For nearly three decades, Harlem United has changed lives by helping marginalized communities improve their health and well-being through compassionate, client-centered care.
From our roots, planted in the basement of a church in Harlem at the height of the AIDS crisis, we’ve grown into a full-fledged, community-based healthcare and housing provider.
Across the decades, our founding ethic has remained the same: Harlem United is a family, and no matter what, we’re here to help.
New York, New York
New York is the most populous city in the United States. A global power city, New York exerts a significant impact upon commerce, finance, media, art, fashion, research, technology, education, and entertainment. The home of the United Nations Headquarters, New York is an important center for international diplomacy and has been described as the cultural capital of the world.
Many districts and landmarks in New York City have become well known to its 50 million annual visitors. Times Square, iconified as "The Crossroads of the World," is the brightly illuminated hub of the Broadway theatre district and a major center of the world's entertainment industry. New York City's financial district, anchored by Wall Street in Lower Manhattan, has been called the world's leading financial center and is home to the New York Stock Exchange.
When people think of New York City, Manhattan is often the first place they picture. It’s no wonder: the borough is home to big-name attractions, such as Central Park, the Empire State Building, St. Patrick’s Cathedral, the High Line and One World Observatory; world-class museums, restaurants and concert halls; and the bright lights of Times Square and Broadway. But there's more to the borough than the obvious sights. Manhattan contains charming neighborhoods and hidden green spaces, trendy boutiques and classic bars.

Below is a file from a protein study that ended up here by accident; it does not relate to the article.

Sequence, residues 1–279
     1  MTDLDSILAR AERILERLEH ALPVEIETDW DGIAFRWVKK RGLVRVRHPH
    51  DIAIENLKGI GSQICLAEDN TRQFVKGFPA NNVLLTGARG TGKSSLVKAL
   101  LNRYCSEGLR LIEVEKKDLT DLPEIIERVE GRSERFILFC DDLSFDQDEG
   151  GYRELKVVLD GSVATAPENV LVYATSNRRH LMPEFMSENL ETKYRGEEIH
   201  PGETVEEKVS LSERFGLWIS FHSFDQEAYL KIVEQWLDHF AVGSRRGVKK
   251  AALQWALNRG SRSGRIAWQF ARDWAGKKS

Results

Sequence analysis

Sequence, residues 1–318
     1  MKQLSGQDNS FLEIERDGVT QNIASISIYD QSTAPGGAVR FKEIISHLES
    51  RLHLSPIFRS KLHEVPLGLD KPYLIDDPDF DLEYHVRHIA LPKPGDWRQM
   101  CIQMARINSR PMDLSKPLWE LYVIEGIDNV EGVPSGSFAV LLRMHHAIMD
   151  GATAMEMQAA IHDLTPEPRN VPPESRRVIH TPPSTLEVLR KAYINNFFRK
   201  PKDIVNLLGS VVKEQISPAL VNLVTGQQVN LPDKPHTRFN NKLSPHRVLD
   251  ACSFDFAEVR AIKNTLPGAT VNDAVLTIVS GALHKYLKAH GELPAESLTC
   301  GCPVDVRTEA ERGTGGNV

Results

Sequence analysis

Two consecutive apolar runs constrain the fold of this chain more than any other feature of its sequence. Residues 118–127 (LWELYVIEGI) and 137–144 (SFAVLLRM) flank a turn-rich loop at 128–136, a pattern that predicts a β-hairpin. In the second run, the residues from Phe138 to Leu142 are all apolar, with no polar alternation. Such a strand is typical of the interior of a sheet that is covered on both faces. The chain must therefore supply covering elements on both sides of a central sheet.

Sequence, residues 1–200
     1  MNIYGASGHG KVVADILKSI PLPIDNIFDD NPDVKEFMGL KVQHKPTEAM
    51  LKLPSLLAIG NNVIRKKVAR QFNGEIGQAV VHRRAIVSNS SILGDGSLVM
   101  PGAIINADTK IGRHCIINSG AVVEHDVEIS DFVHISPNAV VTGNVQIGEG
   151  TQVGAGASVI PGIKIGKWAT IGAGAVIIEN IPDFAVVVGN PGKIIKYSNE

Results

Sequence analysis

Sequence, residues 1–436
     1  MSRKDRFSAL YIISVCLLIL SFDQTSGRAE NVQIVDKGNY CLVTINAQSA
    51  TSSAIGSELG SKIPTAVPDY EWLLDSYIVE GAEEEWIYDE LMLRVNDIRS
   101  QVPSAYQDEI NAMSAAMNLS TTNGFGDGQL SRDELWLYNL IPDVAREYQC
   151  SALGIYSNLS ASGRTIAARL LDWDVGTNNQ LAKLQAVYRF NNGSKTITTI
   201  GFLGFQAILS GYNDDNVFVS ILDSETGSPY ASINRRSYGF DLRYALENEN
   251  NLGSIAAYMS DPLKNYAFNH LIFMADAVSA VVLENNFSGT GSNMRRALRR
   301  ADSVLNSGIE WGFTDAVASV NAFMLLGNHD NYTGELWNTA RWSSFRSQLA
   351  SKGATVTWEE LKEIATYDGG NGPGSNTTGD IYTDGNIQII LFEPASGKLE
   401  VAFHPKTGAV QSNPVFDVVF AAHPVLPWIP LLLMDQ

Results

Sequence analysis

Harlem has long been synonymous with black culture. In the early 20th century the neighborhood was the setting for African-American-led movements in music, literature, dance, and art—collectively known as the Harlem Renaissance—that featured innovators like Bessie Smith, Langston Hughes, and Josephine Baker. That legacy is still evident today, especially along the area’s main thoroughfare, 125th Street, which is anchored by the Apollo Theater. Other highlights include art at the Studio Museum in Harlem, and stalwart restaurants like Sylvia’s and Amy Ruth’s (which serve soul food par excellence), as well as newer entries like Marcus Samuelsson’s Red Rooster.